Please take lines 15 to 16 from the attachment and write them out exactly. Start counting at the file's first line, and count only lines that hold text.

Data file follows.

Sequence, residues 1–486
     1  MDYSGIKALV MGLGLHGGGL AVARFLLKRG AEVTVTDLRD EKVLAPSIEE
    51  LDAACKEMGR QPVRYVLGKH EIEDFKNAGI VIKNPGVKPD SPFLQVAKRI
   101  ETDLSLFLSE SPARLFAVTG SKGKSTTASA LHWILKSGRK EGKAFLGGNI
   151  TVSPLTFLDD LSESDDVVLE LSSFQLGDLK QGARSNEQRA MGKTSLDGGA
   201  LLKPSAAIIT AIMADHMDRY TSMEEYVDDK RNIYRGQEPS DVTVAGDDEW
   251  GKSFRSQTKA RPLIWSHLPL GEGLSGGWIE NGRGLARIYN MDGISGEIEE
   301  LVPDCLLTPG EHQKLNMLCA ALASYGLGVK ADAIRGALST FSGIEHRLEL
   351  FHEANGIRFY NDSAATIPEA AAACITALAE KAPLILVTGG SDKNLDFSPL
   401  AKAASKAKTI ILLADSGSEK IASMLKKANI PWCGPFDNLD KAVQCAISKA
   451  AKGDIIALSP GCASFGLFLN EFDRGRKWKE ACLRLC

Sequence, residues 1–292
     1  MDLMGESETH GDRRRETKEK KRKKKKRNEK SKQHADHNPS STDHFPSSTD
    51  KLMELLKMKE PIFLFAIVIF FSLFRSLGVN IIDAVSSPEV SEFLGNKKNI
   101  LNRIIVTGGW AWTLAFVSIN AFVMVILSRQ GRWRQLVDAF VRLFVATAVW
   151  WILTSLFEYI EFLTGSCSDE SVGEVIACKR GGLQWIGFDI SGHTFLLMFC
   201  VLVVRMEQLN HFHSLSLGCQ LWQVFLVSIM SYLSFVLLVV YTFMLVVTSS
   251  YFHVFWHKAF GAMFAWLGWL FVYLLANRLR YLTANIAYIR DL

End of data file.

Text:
   101  LNRIIVTGGW AWTLAFVSIN AFVMVILSRQ GRWRQLVDAF VRLFVATAVW
   151  WILTSLFEYI EFLTGSCSDE SVGEVIACKR GGLQWIGFDI SGHTFLLMFC